Silver Jewellery Beginners Evening class

All of the jewellery I have made over the last couple of years has been bead-based and while I love working with beads, I’m also keen to start learning about metalwork, specifically silver. At this stage, I’m just looking for an introduction to the subject. As I live close to Birmingham and its wonderful Jewellery Quarter, this seemed a good place to start looking for evening courses.  I came across this 5-week Silver Jewellery Beginners Evening class which is taking place in a workshop right in the heart of the Jewellery Quarter.

It’s being run by designer Victoria Delany who I haven’t come across before but she looks to be very well qualified and I like the fact that she doesn’t just design jewellery (check out her cutlery!).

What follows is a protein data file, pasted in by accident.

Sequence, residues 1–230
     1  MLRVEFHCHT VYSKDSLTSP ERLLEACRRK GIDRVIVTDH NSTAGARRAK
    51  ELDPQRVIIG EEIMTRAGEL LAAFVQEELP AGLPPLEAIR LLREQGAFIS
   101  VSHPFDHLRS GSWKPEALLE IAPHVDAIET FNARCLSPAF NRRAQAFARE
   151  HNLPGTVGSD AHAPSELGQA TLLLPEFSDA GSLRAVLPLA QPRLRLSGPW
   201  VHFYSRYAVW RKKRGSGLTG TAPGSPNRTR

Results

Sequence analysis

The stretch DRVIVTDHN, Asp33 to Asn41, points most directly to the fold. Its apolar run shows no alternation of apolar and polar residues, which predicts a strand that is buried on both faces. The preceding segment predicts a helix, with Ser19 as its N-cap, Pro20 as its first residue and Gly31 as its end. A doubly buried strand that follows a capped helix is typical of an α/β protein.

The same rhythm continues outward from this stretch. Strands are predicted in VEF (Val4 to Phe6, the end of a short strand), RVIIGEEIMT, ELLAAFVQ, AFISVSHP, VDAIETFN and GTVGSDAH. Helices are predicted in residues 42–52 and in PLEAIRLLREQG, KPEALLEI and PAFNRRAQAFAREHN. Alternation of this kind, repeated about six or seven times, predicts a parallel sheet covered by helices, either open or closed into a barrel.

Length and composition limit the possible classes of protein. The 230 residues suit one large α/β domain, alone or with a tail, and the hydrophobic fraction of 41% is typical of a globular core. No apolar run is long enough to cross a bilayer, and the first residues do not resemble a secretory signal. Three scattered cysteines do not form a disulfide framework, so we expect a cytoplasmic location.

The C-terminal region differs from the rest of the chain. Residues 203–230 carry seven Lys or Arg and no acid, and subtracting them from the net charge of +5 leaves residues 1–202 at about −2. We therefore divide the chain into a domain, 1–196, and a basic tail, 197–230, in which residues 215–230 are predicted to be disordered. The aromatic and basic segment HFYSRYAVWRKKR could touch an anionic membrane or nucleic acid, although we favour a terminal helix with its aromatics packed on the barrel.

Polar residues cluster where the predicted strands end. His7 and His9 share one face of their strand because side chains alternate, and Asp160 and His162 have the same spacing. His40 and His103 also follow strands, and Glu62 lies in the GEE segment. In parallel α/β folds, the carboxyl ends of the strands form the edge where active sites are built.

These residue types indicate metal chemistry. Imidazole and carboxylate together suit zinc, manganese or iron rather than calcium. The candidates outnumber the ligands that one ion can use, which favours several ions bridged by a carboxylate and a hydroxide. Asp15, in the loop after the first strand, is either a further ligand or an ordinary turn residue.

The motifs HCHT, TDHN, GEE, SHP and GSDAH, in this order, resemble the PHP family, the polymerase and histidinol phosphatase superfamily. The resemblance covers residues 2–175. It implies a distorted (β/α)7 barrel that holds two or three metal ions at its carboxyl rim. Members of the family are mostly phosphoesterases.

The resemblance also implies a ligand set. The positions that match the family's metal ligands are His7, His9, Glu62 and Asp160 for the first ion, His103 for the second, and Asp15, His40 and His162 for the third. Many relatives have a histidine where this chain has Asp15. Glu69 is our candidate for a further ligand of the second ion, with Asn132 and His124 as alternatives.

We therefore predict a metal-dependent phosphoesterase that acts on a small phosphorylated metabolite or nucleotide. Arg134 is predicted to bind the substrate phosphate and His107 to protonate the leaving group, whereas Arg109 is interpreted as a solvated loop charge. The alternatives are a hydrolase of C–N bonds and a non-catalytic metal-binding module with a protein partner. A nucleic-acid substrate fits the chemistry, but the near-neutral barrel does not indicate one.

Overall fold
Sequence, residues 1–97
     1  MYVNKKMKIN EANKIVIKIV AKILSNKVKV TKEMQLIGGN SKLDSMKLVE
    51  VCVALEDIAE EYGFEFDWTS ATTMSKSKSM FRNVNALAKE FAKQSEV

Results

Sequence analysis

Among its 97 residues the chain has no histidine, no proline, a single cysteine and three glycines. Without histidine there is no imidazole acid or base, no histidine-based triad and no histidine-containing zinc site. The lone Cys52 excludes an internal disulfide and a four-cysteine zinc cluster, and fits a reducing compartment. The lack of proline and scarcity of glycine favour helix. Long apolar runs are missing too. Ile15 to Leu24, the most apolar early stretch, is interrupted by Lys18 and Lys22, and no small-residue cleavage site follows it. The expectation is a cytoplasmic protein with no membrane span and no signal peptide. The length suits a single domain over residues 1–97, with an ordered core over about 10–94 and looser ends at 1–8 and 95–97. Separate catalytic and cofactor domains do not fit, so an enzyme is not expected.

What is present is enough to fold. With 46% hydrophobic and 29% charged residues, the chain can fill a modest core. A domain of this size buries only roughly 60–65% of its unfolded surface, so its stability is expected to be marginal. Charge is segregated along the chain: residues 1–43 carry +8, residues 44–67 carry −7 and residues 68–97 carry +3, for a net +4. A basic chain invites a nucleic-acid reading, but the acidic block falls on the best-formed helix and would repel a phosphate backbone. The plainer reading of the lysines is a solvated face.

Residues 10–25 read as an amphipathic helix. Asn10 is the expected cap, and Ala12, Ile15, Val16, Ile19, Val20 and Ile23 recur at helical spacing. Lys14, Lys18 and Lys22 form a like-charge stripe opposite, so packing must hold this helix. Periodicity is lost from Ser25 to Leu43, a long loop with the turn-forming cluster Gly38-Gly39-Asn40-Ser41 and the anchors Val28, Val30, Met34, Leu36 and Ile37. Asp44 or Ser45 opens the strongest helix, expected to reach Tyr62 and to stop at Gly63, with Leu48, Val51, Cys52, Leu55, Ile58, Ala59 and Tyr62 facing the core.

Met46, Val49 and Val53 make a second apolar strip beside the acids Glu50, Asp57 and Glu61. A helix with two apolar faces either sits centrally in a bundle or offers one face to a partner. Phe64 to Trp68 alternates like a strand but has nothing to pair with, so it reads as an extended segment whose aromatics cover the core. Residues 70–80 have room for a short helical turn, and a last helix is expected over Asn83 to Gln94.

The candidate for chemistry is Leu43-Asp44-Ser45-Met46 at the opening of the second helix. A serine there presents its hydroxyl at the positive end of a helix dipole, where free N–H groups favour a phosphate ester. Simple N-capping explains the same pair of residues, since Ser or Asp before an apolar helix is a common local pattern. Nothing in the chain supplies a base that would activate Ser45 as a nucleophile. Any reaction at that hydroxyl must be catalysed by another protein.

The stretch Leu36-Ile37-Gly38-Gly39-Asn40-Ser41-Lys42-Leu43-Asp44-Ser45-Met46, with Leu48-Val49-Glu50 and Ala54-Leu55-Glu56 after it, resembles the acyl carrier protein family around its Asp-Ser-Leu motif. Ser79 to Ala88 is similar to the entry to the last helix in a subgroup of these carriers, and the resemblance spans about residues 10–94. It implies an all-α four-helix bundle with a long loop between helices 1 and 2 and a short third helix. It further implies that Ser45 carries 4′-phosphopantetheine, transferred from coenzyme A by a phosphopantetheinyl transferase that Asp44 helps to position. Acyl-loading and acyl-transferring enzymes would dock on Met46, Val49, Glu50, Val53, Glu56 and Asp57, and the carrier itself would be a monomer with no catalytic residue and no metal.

Jewellery Photography

As I’ve been researching various articles for this blog, I have come across some fantastic jewellery photography. I love the detail and craftmanship that can be seen in even the tiniest piece of jewellery and I would love to be able to capture this in my own photography.

Most of the images I use for The Jewel Box have been bought and paid for, the others are my own. The difference in quality is a little embarrassing! I quickly realised that there’s a limit to how well you can photograph jewellery in close up (especially small items) with a point and shoot and I reached it a while ago.